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Non-Profit in the Spotlight
3:25 pm
Mon October 7, 2013

Non-Profit in the Spotlight: The Manaus Fund, Part 1

"Never do for others what they can do for themselves". This is the underlying philosophy of The Manaus Fund and its founder, George Stranahan. The Manaus Fund operates out of Carbondale's Third Street Center and addresses localized social issues by investing in non-profit organizations and projects in the Roaring Fork Valley. Social entrepreneurship, investment and community involvement are the core values of The Manaus Fund and are essential to the Fund's latest endeavor: The Valley Settlement Project. George Stranahan, Founder of The Manaus Fund and Senior Advisor of the Valley Settlement Project, Ellen Freedman, Executive Director of The Manaus Fund, and Morgan Jacober, Project Director of the Valley Settlement Project are featured in this episode.

For more on The Manaus Fund: http://www.manausfund.org/

APR Local News
9:16 pm
Sun October 6, 2013

ETA for Amtrak Train Service Unknown; Busses Continue

Maria Troxler, right, and her friend Mildred Oliver wait for an Amtrak bus back to Denver. Both are from Baton Rouge, Louisiana.
Elise Thatcher

Officials are pushing to rebuild the Front Range after devastating floods That includes a direct line to the Roaring Fork Valley… a railroad line, that is. Tracks west of Denver were washed out-- and that means changes for Amtrak service to Glenwood Springs. Aspen Public Radio’s Elise Thatcher has more.

Reporter: Jeff Hershenson, who lives in Snowmass Village, is at the Glenwood Springs Amtrak station on a recent gorgeous fall day. He says the competitive fare prompted him to buy a ticket to Denver.

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Valley Roundup
3:32 pm
Fri October 4, 2013

Valley Roundup - October 4th, 2013

APR Local News
4:35 pm
Thu October 3, 2013

Cross-Cultural Cooking in El Jebel Results in Hundreds of Tamales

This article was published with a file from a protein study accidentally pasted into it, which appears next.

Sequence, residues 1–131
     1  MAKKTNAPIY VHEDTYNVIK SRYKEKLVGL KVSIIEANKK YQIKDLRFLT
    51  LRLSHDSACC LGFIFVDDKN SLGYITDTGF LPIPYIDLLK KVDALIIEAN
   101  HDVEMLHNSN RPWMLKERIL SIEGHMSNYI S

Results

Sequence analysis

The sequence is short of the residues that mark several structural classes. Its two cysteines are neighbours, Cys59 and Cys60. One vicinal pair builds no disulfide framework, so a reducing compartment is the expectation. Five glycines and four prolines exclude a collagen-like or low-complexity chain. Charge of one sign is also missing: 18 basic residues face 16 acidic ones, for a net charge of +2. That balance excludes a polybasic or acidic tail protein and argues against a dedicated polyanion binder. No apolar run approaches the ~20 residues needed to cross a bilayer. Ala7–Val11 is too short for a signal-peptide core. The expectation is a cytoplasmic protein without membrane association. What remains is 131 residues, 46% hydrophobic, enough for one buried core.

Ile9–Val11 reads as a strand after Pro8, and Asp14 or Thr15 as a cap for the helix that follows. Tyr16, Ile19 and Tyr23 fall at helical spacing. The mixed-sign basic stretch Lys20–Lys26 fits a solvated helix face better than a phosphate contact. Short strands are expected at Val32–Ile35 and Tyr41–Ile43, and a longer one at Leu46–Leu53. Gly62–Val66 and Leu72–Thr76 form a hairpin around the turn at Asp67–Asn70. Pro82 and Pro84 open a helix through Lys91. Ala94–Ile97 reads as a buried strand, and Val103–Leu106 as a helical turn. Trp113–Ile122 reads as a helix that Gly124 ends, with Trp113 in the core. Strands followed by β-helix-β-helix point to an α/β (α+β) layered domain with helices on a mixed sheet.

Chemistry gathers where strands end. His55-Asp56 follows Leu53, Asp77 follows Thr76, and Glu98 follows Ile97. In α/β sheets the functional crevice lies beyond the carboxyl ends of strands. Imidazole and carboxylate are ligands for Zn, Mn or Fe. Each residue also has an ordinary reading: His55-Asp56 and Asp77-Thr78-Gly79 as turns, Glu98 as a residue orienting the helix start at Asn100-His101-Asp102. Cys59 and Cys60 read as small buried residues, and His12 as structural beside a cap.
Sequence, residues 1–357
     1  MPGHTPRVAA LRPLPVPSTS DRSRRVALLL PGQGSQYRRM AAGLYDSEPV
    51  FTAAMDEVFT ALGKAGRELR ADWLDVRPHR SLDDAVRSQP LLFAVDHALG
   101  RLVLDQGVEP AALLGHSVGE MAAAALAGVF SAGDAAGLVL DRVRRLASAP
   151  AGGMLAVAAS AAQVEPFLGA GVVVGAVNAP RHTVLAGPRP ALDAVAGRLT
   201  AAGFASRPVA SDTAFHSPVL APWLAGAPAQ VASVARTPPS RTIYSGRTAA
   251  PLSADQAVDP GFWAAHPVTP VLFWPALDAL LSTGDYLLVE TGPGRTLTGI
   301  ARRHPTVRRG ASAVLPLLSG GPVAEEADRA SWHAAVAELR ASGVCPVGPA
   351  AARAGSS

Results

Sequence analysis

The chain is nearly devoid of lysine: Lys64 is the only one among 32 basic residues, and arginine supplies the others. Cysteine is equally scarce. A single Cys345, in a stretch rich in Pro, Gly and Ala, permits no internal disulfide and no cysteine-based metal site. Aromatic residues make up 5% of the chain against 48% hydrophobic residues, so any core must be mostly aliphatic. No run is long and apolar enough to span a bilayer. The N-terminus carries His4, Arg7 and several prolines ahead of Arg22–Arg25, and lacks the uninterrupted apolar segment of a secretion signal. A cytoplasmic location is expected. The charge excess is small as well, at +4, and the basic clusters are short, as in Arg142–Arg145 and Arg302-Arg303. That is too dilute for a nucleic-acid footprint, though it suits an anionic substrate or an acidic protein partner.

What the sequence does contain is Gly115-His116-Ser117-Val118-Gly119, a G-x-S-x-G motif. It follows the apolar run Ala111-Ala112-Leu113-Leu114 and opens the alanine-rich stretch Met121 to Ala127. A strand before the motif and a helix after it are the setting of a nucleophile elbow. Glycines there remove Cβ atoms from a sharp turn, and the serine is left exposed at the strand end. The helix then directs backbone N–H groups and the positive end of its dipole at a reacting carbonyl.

A group of women gathered in an El Jebel kitchen recently to make hundreds of tamales. It's for an event in Basalt called Fiesta de Tamales.
Credit Marci Krivonen

Tamales are a special kind of cuisine in Mexico. They fall into the category of comfort food and they’re often served for breakfast and dinner. Here, in the Roaring Fork Valley, Mexican families make tamales during special occasions, like birthdays. Recently, a group of Latina and Anglo women gathered in a fragrant kitchen to make hundreds of tamales. It’s a cross-cultural cooking experience and part of the preparation for an event called Fiesta de Tamales in Basalt. Aspen Public Radio’s Marci Krivonen reports.

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Mountain Edition
3:49 pm
Thu October 3, 2013

Mountain Edition - October 3rd, 2013

It’s been a big news week and one story with big impacts locally is the federal government shutdown. We take a look at what it means for the Roaring Fork Valley.

Obamacare hit the internet on Tuesday, turns out, health care plans coordinated by Colorado are way more expensive in mountain towns.

After massive floods walloped oil and gas operations, we hear ideas about making sure oil and gas operations are better protected down the road.

Local officials had to decide by Tuesday whether to take steps to allow retail marijuana in the Roaring Fork Valley. Many have decided to delay their verdict.

We get an update from one of the ten Aspen-area athletes hoping to compete in the upcoming Winter Olympics in Russia.

And finally, tamales are a humble Latin American dish with deep, historical roots. They’re the main fare at an upcoming Roaring Fork Valley event.

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